SHANGHAI (Reuters) - Wearing her favorite black dress, 53-year-old Liu Fenqin sat nervously in a corner at an official match-making event in Shanghai, hoping to find a husband after her first marriage ended in divorce more than 10 years earlier.
With China’s divorce rate rising, Liu was one of thousands of middle-aged and senior lonely hearts who took part in the annual event sponsored by the Shanghai government after the upper age limit was raised from 45 to 60 this year.
“I‘m looking for someone not too ugly,” Liu said as she glanced around at the participants, many of whom were also too shy to mix and mingle.
She wanted to find a second husband when she was younger but her daughter did not want her to, she said, so she put her love life on hold.
The event, which drew 30,000 people last year, attracted an estimated 40,000 this year after organizers lifted the age limit to satisfy demand from the growing number of divorcees, said Xu Tianli, vice chairman of the Shanghai Matchmaking Agency Management Association.
With some people there in their 60s and even 70s, the age limit was not absolute.
“If anyone has earnest love and marriage needs then we will do our best to help them out,” Xu said.
Divorce rates in China have climbed for seven years in a row. In 2012, the year-on-year rise in divorces outpaced that of marriages for the first time, according to official data.
The Chinese city with the highest divorce rate is Beijing, at 39 percent, according to local media. About half of U.S. marriages end in divorce, while the figure for Britain is 42 percent.
The issue has not escaped the notice of China’s government, which is concerned that broken homes will erode social stability.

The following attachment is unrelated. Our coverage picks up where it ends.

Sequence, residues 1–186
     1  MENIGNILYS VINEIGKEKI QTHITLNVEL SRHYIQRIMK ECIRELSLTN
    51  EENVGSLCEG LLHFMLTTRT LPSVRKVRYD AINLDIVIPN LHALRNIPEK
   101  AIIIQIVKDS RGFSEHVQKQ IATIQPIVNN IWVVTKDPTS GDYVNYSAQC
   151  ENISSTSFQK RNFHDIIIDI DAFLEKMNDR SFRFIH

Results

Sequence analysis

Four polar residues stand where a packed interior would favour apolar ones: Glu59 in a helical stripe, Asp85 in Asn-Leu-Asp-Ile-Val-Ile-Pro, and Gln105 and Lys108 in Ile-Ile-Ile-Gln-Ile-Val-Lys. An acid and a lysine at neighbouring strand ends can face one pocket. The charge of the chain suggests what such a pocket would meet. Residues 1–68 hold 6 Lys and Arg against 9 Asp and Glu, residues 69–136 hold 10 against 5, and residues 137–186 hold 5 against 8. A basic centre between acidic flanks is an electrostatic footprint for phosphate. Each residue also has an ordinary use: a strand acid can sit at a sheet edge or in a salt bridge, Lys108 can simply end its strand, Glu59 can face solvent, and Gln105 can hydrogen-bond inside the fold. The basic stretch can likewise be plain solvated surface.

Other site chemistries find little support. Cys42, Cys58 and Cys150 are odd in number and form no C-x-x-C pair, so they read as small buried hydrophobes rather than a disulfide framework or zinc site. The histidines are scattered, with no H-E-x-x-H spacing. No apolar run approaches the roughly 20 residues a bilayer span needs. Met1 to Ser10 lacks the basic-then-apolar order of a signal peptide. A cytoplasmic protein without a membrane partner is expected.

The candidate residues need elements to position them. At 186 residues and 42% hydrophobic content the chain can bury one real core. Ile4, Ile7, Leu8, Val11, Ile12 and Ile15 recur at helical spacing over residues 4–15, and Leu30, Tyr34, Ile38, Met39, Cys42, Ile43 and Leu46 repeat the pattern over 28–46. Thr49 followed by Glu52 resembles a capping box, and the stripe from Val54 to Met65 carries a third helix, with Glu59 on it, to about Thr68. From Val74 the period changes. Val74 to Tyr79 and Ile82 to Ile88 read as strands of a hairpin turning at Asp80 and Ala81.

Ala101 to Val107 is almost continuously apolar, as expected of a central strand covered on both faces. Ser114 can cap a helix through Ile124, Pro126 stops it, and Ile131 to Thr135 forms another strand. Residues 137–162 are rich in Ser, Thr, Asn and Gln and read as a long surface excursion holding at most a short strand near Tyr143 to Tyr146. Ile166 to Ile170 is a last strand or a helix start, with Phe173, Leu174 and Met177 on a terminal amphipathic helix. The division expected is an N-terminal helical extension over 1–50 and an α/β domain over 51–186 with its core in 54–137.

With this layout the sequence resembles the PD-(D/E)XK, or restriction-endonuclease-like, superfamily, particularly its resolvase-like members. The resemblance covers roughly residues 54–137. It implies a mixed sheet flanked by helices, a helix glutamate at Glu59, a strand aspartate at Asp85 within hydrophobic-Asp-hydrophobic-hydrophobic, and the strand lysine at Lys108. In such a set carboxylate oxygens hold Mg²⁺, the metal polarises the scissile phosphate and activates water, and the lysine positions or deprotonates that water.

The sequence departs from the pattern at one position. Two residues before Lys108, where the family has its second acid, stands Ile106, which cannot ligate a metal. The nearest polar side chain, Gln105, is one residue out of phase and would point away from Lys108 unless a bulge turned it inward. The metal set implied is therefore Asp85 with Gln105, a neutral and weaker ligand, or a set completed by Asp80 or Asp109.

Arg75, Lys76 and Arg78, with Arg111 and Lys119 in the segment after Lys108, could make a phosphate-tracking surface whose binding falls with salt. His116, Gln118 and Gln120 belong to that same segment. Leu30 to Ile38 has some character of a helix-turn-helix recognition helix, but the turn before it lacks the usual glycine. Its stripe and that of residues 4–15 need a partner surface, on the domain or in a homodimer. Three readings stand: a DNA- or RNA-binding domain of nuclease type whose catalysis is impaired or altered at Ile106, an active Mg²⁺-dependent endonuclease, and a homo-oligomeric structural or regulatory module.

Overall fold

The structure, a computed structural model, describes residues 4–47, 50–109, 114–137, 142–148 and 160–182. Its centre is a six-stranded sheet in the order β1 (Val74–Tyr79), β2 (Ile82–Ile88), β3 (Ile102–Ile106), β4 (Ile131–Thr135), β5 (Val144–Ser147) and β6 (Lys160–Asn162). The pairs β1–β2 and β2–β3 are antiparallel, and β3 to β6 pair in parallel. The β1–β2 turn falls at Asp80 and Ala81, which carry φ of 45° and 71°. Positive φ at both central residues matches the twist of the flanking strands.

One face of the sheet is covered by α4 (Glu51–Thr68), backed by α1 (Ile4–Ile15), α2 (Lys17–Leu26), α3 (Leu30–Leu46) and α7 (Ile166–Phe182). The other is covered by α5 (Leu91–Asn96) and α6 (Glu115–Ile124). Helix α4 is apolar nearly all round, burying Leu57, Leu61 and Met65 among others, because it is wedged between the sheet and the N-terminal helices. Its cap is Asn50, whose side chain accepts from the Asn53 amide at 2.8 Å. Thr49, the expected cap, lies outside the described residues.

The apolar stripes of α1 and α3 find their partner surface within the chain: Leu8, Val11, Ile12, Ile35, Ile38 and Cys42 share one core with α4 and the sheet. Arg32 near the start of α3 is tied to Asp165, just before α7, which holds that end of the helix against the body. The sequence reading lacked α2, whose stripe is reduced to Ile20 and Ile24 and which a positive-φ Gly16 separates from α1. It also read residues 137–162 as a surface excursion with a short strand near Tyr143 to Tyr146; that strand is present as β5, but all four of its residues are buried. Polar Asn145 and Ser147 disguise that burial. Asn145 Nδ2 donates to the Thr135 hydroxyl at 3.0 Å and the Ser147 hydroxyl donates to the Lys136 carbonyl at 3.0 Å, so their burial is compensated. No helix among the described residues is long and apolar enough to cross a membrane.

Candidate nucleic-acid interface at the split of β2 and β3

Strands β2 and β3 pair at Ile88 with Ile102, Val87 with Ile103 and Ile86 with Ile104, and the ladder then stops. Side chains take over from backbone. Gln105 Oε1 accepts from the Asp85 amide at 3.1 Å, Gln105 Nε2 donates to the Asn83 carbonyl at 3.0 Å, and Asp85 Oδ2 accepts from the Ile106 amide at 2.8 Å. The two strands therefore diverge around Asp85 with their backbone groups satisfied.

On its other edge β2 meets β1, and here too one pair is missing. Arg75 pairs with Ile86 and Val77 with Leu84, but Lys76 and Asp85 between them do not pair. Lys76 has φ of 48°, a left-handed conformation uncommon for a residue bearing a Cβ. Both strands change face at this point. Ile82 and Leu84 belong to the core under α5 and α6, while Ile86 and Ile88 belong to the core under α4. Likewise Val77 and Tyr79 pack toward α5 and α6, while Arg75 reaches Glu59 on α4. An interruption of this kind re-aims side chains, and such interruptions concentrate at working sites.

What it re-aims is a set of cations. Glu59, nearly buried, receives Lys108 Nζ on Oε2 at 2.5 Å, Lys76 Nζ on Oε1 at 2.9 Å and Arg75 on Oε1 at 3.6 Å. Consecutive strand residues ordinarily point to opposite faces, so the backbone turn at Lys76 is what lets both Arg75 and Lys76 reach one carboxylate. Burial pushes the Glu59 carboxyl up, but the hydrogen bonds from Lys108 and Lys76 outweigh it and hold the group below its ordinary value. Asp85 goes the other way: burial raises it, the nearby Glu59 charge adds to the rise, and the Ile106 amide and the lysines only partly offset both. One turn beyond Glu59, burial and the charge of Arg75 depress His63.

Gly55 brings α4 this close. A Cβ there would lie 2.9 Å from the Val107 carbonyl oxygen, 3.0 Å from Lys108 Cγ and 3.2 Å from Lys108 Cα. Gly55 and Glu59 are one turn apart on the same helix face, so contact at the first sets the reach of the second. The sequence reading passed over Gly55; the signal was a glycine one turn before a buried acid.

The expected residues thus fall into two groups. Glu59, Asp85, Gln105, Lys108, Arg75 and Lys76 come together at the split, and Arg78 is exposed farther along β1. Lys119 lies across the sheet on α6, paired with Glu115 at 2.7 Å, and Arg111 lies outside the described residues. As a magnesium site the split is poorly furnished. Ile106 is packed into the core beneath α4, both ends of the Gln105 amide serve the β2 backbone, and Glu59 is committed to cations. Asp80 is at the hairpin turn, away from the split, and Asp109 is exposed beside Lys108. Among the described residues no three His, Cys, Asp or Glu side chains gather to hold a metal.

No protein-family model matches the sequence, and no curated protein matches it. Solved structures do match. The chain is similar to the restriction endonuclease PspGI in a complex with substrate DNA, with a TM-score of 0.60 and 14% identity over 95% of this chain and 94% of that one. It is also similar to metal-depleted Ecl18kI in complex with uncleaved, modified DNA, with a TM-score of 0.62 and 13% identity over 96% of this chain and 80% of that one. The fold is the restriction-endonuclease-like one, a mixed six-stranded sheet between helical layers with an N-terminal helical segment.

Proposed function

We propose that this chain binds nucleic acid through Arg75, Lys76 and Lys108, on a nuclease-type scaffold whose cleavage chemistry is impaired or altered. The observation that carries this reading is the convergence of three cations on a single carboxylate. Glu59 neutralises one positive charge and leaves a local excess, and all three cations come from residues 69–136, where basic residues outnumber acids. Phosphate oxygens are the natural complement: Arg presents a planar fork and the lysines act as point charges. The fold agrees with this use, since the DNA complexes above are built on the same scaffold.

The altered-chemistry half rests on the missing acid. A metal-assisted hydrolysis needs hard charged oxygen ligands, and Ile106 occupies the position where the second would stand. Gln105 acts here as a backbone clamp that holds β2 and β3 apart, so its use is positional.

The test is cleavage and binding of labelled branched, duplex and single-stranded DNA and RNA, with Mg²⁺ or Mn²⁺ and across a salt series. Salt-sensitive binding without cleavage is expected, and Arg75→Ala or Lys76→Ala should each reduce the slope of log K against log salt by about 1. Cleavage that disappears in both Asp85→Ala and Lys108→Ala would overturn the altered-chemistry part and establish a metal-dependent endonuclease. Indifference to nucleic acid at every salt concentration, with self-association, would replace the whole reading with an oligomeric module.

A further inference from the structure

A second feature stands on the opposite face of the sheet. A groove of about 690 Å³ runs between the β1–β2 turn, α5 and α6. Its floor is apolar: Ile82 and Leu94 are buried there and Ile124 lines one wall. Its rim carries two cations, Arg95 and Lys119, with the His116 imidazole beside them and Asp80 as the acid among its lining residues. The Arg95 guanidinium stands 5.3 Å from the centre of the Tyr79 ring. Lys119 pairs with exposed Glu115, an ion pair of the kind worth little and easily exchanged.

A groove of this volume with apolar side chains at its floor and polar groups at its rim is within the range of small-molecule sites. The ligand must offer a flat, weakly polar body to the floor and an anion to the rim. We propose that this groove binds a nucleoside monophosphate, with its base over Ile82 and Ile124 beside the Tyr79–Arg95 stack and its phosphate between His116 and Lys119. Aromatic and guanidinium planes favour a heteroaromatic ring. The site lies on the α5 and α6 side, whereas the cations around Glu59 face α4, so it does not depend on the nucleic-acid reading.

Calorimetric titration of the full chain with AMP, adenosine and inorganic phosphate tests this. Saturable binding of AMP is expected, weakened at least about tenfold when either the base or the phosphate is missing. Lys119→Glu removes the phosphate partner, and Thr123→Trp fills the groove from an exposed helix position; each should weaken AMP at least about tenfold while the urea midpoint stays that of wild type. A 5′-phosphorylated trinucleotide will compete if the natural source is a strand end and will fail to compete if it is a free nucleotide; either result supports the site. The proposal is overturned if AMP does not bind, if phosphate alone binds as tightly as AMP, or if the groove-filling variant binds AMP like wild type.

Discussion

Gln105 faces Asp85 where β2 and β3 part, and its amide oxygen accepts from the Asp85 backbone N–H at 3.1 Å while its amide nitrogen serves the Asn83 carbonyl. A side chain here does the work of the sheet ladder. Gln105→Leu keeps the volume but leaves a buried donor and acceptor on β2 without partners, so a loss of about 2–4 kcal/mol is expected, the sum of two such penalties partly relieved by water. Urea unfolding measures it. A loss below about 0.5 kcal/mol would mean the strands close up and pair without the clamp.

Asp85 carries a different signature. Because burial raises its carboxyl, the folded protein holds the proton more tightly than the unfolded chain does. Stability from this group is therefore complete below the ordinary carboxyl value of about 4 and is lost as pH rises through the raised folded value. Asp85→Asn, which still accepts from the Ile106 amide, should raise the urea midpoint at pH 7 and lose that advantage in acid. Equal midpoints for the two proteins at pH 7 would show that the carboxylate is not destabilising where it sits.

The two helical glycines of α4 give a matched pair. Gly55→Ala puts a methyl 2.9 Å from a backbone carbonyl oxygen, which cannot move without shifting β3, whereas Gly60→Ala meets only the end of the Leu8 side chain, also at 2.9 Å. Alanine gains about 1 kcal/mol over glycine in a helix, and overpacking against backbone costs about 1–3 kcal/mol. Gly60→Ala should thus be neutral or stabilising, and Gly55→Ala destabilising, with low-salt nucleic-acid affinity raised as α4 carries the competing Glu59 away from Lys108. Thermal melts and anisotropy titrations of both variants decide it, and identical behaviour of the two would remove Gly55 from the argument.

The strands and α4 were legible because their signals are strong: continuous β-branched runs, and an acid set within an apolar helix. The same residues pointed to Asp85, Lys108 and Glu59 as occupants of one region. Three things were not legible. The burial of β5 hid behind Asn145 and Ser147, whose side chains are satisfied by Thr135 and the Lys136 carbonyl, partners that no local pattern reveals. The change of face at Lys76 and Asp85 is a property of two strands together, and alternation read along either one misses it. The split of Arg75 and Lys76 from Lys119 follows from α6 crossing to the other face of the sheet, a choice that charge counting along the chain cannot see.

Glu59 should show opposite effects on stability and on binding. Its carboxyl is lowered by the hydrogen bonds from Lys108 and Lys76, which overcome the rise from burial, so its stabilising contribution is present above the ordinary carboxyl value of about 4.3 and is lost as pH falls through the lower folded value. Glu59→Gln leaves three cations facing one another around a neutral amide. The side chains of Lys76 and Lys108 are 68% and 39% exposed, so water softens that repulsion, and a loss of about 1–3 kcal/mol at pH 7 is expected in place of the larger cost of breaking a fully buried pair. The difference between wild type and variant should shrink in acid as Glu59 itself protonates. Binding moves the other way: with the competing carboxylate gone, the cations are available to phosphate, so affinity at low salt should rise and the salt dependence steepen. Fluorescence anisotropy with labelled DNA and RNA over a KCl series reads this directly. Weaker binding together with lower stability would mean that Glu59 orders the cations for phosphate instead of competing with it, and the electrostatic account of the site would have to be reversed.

“Previously, the government didn’t collect statistics but sensitivity to this issue is increasing,” said Sun Qiliang, who heads China’s Marriage and Family Counseling website.
“It’s likely that children from divorced families will become social outcasts and vagrants. So it does have a negative impact on society.”
To mend ailing marriages and encourage senior singles to date, China has introduced a range of measures.
In March the “Family Harmony” project was launched to train a force of “marriage doctors and nurses” to help stabilize rocky relationships.
The match-making event in Shanghai, held in a vast furniture warehouse, was divided into different sections, with three set aside for senior participants.
Zheng Zhixin, 68, said he and his wife got divorced while they were living in Japan when he worked there as an engineer.
“She wanted to stay but I wanted to come back home. Our direction was not the same,” he said.
Zheng said he still believes in love but realizes that socializing with women is not one of his strengths.
For Liu, the event offered a chance to find companionship, even though she did not find anyone who took her fancy.
“My daughter is married. I am lonely,” she said. “I want someone to live with in case I get ill. I don’t need love because I am already old.”
Reporting by Shanghai Newsroom; Editing by Kazunori Takada, John O'Callaghan and Jeremy Laurence